The latest version of the FIX Protocol could lead to industry savings in excess of $100m annually on confirmation processing alone, with post-trade processing utility Omgeo tipped as the biggest loser, according to new research commissioned from CityIQ by Solution Forge.
Already considered the de-facto industry standard for pre-trade processing between fund managers and brokers, the front office protocol has been significantly enhanced to cover post-trade processing in version 4.4, released in April 2003.
The research has identified that the new facilities will enable many firms to switch their processing from utility providers such as Thomson/DTCC joint venture Omgeo, with savings at average firms likely to be in the region of $125,000 annually, with larger firms able to realise considerably greater savings.
John Wilson, the CityIQ director who led the research effort observes: "While services from firms such as Omgeo undoubtedly have additional features over FIX, with most firms already looking to reduce costs, they may be prepared to forego these."
He adds: "The savings we’ve highlighted actually understate the benefits that will accrue from introducing the protocol into the pre-trade and allocations processes for those firms that remain manually based – which can be done at minimal extra cost."
Whilst there will be work involved for firms that are not already FIX enabled, the payback period is likely to be less than 6 months, says Wilson, meeting current industry criteria for low-cost IT and instant returns on investment.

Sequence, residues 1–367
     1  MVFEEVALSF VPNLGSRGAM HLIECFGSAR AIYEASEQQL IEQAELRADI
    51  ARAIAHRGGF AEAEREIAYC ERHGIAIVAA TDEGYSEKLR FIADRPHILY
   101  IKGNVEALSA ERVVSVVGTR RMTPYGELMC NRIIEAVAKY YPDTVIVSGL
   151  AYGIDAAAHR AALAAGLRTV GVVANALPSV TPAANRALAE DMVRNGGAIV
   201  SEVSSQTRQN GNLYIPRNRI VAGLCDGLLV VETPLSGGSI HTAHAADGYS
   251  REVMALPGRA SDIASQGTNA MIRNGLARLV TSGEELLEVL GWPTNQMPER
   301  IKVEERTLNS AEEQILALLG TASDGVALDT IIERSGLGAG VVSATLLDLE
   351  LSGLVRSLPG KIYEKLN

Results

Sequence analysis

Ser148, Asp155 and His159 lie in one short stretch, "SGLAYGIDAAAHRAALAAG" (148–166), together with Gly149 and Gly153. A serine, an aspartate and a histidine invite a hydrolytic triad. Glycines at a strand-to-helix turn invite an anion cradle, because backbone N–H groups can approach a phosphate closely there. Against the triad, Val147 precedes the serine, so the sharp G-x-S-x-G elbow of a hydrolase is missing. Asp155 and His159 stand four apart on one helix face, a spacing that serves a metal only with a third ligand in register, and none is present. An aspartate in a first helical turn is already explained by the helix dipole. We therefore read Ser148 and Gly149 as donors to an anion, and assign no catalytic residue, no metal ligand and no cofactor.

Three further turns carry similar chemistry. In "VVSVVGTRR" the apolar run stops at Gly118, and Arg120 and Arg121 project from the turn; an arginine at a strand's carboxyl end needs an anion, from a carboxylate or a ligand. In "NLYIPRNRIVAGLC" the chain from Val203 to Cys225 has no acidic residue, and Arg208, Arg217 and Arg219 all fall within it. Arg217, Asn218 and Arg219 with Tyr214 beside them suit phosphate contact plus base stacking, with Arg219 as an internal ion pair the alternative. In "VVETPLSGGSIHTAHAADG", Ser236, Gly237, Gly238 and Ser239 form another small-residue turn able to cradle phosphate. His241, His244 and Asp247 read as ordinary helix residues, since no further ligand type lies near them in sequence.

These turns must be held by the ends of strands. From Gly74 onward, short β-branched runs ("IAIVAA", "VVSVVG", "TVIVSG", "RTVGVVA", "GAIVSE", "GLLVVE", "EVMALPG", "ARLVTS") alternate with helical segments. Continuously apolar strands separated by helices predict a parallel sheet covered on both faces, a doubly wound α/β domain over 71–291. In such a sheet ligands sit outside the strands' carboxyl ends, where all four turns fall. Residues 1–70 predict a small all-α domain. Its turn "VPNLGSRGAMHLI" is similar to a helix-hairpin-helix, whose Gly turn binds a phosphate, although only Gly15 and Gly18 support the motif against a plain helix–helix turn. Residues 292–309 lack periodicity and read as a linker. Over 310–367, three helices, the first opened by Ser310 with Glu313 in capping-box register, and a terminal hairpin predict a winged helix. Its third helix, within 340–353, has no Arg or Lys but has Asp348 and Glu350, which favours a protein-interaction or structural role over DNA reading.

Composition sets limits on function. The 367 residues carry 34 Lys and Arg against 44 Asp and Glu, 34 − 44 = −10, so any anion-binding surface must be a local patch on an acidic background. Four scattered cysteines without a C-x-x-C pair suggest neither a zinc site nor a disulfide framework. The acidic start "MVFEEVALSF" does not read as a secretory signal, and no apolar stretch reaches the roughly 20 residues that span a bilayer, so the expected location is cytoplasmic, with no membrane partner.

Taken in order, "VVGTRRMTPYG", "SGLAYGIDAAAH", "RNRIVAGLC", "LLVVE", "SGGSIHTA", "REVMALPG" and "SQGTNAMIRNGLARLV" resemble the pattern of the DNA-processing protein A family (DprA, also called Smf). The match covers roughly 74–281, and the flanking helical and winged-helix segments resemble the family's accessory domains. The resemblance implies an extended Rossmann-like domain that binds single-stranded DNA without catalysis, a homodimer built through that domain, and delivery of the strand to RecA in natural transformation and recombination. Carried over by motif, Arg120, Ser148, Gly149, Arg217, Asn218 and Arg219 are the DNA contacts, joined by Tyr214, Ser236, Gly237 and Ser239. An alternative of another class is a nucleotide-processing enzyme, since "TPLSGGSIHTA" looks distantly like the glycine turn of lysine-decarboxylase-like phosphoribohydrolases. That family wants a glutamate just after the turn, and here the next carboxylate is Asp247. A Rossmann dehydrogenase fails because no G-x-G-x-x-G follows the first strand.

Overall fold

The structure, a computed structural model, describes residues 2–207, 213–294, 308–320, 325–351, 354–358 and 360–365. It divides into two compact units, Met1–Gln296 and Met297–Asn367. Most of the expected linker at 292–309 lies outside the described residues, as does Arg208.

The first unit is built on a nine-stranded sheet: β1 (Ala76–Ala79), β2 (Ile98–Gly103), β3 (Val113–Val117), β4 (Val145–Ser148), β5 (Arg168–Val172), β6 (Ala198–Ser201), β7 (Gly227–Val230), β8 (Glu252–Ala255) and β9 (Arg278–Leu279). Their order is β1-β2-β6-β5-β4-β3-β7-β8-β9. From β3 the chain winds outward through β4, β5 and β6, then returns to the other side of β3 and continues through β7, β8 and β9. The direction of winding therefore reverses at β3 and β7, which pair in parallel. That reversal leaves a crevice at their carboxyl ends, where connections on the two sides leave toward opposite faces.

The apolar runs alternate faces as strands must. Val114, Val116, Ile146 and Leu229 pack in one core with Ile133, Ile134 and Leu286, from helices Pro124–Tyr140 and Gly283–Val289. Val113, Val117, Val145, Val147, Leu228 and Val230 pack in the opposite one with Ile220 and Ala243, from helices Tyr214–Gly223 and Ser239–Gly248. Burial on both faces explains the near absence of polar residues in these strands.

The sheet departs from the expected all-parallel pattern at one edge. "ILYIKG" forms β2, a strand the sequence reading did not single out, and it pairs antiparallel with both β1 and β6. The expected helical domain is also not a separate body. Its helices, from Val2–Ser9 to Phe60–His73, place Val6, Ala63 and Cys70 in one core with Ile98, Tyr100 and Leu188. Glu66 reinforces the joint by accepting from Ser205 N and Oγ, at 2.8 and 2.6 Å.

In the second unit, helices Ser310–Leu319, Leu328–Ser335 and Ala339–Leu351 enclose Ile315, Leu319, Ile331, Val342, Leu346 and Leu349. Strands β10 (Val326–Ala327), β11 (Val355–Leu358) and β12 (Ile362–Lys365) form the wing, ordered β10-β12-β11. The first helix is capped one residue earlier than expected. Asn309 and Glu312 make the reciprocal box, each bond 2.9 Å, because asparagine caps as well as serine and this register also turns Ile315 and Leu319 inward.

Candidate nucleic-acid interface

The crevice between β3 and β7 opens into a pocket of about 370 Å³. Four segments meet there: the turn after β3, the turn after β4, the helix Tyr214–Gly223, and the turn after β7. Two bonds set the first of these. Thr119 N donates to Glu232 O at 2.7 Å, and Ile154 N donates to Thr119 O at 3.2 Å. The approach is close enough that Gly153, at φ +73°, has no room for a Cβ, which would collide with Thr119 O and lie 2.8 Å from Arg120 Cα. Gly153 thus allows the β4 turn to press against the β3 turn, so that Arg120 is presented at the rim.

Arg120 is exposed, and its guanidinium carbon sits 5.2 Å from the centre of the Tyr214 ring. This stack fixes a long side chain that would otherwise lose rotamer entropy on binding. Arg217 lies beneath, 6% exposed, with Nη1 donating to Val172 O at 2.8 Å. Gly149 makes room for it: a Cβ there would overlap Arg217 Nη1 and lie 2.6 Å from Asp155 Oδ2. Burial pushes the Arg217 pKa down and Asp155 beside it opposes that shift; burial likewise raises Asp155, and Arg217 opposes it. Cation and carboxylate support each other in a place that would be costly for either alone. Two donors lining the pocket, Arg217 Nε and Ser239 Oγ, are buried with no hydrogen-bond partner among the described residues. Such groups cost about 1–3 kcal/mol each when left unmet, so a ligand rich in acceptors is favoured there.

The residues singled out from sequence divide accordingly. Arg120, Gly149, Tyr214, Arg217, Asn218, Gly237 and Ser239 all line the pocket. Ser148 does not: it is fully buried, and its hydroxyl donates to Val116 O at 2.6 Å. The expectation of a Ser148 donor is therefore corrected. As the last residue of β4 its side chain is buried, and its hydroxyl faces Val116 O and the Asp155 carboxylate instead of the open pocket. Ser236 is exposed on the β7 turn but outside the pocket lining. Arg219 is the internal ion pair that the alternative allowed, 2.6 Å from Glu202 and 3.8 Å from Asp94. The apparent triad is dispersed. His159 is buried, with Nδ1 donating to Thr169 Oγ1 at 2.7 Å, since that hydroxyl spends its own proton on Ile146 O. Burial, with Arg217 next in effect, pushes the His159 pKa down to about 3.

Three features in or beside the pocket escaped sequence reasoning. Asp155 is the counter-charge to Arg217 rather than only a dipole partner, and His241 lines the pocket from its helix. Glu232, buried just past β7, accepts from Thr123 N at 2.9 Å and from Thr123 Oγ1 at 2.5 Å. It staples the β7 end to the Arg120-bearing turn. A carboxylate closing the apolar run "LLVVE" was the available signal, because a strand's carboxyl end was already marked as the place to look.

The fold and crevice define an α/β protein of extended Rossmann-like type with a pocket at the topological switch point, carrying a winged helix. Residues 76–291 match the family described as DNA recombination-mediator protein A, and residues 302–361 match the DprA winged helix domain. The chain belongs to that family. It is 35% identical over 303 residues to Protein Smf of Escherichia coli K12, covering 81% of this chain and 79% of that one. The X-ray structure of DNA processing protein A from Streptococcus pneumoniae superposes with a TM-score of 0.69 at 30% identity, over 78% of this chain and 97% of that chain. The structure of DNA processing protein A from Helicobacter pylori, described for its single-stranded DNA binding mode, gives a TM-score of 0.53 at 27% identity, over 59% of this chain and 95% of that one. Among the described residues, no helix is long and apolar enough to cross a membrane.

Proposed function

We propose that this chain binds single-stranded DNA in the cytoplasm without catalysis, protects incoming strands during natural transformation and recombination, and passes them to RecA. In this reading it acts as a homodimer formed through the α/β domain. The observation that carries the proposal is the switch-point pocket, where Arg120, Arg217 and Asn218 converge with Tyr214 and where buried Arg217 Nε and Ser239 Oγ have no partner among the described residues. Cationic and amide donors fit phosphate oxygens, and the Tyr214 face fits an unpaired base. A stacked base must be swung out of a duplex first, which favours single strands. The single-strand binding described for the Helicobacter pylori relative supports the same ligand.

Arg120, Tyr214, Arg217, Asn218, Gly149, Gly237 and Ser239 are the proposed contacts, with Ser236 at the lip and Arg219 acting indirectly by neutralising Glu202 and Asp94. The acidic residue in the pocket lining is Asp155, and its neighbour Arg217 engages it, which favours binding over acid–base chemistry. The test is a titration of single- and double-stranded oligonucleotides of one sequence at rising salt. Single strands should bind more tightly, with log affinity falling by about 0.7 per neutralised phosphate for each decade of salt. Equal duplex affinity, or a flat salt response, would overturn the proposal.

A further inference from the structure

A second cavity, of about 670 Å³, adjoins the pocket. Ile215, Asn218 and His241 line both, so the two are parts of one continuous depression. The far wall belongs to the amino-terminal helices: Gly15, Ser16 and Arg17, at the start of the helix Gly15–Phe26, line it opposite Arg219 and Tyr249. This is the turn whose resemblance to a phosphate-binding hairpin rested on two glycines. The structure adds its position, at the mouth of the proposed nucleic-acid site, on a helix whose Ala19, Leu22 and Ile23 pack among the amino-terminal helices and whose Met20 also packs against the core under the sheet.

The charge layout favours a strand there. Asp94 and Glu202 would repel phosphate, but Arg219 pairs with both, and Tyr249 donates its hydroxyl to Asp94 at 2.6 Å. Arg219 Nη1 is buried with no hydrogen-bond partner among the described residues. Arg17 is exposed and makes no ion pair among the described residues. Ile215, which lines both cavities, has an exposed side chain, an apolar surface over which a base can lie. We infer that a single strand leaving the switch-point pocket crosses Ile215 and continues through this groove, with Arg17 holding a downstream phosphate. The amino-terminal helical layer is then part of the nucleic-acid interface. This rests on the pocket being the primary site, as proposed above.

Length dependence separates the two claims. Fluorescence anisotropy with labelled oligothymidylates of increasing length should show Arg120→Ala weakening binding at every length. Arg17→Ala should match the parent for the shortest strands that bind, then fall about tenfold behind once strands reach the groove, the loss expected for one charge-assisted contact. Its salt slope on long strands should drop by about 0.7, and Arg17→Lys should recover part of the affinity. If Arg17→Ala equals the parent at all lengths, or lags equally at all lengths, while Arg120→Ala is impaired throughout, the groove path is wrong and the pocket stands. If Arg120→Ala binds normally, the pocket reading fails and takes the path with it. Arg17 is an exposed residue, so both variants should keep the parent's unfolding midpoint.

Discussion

Buy side and sell side firms can assess their own potential savings, courtesy of a calculator on the CityIQ Web site.
A seperate CityIQ survey of 242 companies undertaken in association with interbank messaging outfit Swift and STP vendor SmartStream finds a clear commitment to automation of corporate actions processing across the securities industry. Corporate actions is widely seen as one of the key remaining areas to be automated with 75% of firms anticipating substantial automation. One in five are expecting to introduce partial automation with only five per cent of the vote supporting the view that they see no future automation happening.
At present, few firms are devoid of any automation with many already importing third party data feeds into their core processing systems to create corporate action event records and automating the calculation/generation of basic entitlements.
However, there seems to be general acceptance by the vast majority of firms that corporate actions events considered too complex to automate in the past are now open to automation.
Entitlements offer most opportunity for 'step change', according to the research, with automation of both position/entitlement reconciliation and entitlement calculation/posting tipped as the most likely candidates.
The survey found a strong undercurrent of activity among prime brokers and custodians, with private banks and asset managers moving more slowly.
Forty-one per cent of respondents are currently reviewing the possibility of automating all or part of their corporate actions processing. An additional 42% are either about to embark on automation, or are currently in the process of doing so.
Fifty-nine per cent of respondents cite the reduction of operating costs as a major driver, with custodians in particular keen to trim average annual corporate actions-related losses of $4 million.
With no clear mandatory reason to automate corporate actions, organisations are moving at their own speed. Eighteen per cent of the sample are looking to select a solution within the next six months and a further 30% will choose a vendor within a 12 month timeframe.
However, with 51% of companies looking at a 12-month plus timeframe, CityIQ foresees software supply outstripping demand and a consequent consolidation in the number of vendors chasing this market.